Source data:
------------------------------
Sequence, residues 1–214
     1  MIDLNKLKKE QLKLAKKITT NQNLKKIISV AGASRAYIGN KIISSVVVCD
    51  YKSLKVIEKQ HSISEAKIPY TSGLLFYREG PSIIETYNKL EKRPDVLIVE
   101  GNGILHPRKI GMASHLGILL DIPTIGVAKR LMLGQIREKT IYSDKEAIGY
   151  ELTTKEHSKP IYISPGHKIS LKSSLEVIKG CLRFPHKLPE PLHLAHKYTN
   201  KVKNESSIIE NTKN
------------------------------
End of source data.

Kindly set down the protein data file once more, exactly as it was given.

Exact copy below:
Sequence, residues 1–214
     1  MIDLNKLKKE QLKLAKKITT NQNLKKIISV AGASRAYIGN KIISSVVVCD
    51  YKSLKVIEKQ HSISEAKIPY TSGLLFYREG PSIIETYNKL EKRPDVLIVE
   101  GNGILHPRKI GMASHLGILL DIPTIGVAKR LMLGQIREKT IYSDKEAIGY
   151  ELTTKEHSKP IYISPGHKIS LKSSLEVIKG CLRFPHKLPE PLHLAHKYTN
   201  KVKNESSIIE NTKN